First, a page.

Health Promotion (401) 863-2794
Free, confidential appointments are available to students concerned about their own use of alcohol or other drugs, or concerned about a friend’s use. With a focus on harm reduction, not abstinence, Health Promotion will work with a student on the changes they choose to make. Located on the third floor of Health Services. The Health Promotion website includes a section about Alcohol, Tobacco and Other Drugs.
Health Services (401) 863-3953
Located at the corner of Brown and Charlesfield streets, Health Services provides confidential health care for enrolled Brown students.
Lunch Bunch is a monthly gathering of Brown faculty, staff, and students affected by chemical dependency that provides an opportunity to share their experiences and to support one another. Additional information is available on the page of the Dean for Issues of Chemical Dependency.
Information about local meetings of AA, AlAnon, Marijuana Anonymous (MA), Narcotics Anonymous (NA) and other groups is offered on the websites of the Dean for Issues of Chemical Dependency and the Office of Health Promotion.
Counseling and Psychological Services (401) 863-3476
Counseling and Psychological Services (CAPS) provides assessment, brief psychotherapy, and crisis intervention to all enrolled Brown students. Confidential appointments are available to discuss alcohol or drug concerns about self or family. Located on the fifth floor of J. Walter Wilson.
Residential Staff, Office of Residential Life (401) 863-3500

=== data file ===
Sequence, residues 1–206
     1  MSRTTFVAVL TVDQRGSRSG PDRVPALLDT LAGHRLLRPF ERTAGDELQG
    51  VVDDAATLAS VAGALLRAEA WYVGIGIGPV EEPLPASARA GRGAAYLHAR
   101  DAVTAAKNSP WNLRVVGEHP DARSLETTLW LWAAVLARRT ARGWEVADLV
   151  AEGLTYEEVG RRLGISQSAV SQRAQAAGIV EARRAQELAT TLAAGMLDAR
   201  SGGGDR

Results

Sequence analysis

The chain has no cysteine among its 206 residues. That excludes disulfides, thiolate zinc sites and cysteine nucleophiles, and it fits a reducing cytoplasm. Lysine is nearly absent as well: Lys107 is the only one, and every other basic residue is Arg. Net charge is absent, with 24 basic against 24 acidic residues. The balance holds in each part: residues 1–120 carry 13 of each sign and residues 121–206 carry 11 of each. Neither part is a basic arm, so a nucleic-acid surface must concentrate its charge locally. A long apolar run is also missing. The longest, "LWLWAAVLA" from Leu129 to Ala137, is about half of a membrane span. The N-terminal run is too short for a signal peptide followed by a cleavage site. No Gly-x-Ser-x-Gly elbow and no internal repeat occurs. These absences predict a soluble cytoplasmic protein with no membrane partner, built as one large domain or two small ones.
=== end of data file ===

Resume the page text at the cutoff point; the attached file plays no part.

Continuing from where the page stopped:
For concerns in the residence halls, typically, students should start with their residential peer leaders (i.e., CA, RC, MPC, WPC) for information, problem solving assistance, and referral. Each area of campus also has a Community Director (CD) with whom students may meet for assistance; the CD is a professional staff member who lives in the residence halls and has a daytime office in Residential Life (Grad Center E).
Student Health Council, Alpert Medical School
Alpert Medical School and the Brown University Medical Student Senate have established a Student Health Council to provide compassionate assistance to impaired students; protect the rights of impaired students to receive treatment in strictest confidence; try to assure that recovered students are able to continue their medical education without stigma or penalty; and protect patients and others from the harm that impaired students may cause. The council consists of physician faculty and medical students.
Substance Free Housing
Available in response to student request, special-interest substance free housing in select residence halls includes additional agreements by residents about their own and their guests' behavior, as well as programs which promote a substance-free environment. Undergraduate students interested in this living option should review Special Interest Housing information through the Office of Residential Life.